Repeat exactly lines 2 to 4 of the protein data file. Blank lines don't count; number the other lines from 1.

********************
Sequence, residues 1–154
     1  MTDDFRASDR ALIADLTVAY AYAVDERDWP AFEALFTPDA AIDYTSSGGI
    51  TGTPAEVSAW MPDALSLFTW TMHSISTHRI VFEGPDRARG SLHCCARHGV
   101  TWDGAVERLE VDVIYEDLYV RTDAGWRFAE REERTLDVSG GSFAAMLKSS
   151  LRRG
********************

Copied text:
     1  MTDDFRASDR ALIADLTVAY AYAVDERDWP AFEALFTPDA AIDYTSSGGI
    51  TGTPAEVSAW MPDALSLFTW TMHSISTHRI VFEGPDRARG SLHCCARHGV
   101  TWDGAVERLE VDVIYEDLYV RTDAGWRFAE REERTLDVSG GSFAAMLKSS